Living in Toronto for 46 years, Mary Groh was increasingly surrounded by a multicultural society. As an active member of Danforth Mennonite Church there, following the closure of Warden Woods Mennonite Church, she witnessed the growth of various Mennonite congregations in the east end of Toronto.
When she saw a photograph a few years ago of students from Conrad Grebel University College, she noted that “students from long-established Mennonite churches were the ones getting the excellent Christian-based education, and the new Canadians were not.” She shared her concern with Fred Martin, Grebel’s director of advancement, that “this didn’t seem right in a church community where equality is fundamental.”
The admission policy at Grebel is to have approximately 50 percent of residence students come from Mennonite congregations. While Mennonite Church Eastern Canada students make up the majority of this portion, congregations from newcomer communities are under-represented.
Groh recently sold her house in Toronto to move closer to family in Kitchener. At that time, she discussed her concern for a more inclusive church community with a variety of people, including Brent Charette, operations and church engagement minister at MC Eastern Canada, who encouraged her to include Grebel in her conversations.
After several exchanges, she discerned a way of supporting students at Grebel. With funds from the sale of her house, she established the Mennonite Diversity Award, which is designed to make an educational experience at Grebel accessible to Mennonite students from culturally diverse backgrounds.
“My hope is to see a student body at the college that is more representative of the cultural diversity of the present and future Mennonite church in Canada,” she said. This vision is focussed on students from Mennonite church families who immigrated since 1975 and Indigenous Mennonite students.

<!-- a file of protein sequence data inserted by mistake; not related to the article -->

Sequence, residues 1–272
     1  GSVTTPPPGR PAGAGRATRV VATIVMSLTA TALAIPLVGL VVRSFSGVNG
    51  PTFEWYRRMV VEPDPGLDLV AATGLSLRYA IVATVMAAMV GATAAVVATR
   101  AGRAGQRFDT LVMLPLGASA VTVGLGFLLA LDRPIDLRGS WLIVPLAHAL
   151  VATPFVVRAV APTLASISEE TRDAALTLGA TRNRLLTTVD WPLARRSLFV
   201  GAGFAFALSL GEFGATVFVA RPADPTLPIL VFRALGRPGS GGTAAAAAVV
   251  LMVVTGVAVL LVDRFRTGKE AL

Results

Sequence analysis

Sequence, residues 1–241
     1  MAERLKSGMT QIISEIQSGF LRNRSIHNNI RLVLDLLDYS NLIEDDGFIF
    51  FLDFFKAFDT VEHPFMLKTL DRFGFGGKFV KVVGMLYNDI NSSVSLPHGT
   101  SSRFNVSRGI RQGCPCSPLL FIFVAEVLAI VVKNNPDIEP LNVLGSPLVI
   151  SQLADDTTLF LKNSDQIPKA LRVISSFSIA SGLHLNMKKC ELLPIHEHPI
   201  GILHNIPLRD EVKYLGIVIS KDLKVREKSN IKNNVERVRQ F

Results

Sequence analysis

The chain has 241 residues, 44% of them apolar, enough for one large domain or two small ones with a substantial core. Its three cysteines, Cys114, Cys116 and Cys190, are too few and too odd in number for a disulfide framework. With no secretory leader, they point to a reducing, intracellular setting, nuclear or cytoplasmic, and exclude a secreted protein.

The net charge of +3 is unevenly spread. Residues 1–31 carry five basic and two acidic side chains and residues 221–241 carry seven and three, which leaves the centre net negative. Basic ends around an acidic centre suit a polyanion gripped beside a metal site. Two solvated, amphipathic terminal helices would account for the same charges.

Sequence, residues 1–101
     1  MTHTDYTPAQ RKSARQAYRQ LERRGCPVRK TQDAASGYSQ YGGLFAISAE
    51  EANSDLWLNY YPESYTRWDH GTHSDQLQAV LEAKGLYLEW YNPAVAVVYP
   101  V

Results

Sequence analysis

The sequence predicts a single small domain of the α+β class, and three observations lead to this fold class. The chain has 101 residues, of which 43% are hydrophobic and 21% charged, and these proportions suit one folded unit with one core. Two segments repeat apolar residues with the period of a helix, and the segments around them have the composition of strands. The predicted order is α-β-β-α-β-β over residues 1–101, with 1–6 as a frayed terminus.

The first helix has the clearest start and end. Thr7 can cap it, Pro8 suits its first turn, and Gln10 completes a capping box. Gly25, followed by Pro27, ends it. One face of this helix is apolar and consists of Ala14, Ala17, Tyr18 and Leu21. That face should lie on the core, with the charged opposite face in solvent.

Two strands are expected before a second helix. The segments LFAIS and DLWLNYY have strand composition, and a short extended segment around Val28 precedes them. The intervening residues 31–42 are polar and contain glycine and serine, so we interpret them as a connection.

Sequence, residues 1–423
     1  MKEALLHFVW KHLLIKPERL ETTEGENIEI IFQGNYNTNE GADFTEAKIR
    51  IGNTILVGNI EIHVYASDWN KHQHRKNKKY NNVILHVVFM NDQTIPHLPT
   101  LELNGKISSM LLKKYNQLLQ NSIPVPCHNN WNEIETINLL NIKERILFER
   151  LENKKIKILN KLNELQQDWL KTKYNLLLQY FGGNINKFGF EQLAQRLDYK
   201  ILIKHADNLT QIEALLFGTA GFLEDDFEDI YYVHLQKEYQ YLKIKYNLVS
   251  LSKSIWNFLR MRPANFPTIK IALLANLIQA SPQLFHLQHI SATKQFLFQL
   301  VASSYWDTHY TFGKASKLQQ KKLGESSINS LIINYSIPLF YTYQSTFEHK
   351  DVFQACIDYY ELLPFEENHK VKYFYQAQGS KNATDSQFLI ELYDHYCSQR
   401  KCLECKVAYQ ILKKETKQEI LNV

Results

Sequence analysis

The award is divided among three programs at Grebel: residence, master of theological studies, and master of peace and conflict studies. With matching funds from MC Eastern Canada, these three awards will be up to $10,000 for each successful applicant, as long as the funds last.
Groh worked with Sherri Grosz, a gift-planning consultant at Abundance Canada, to set up a gifting account to fund this award.
Jim Pankratz, Grebel’s interim president, said of Groh’s initiative, “We are grateful for your generosity that will provide support for many new Canadian Mennonite students. We are pleased by the interest already shown by church leaders from newcomer congregations. We are also grateful that the leadership of [MC Eastern Canada] has encouraged this initiative and will provide some matching funds. This partnership with Mary and MCEC . . . enables us to help them fulfill their vision for this award, and to fulfill our mission to seek wisdom, nurture faith, and pursue justice and peace in service to church and society.”
For more details, visit uwaterloo.ca/grebel/financial-aid-and-awards.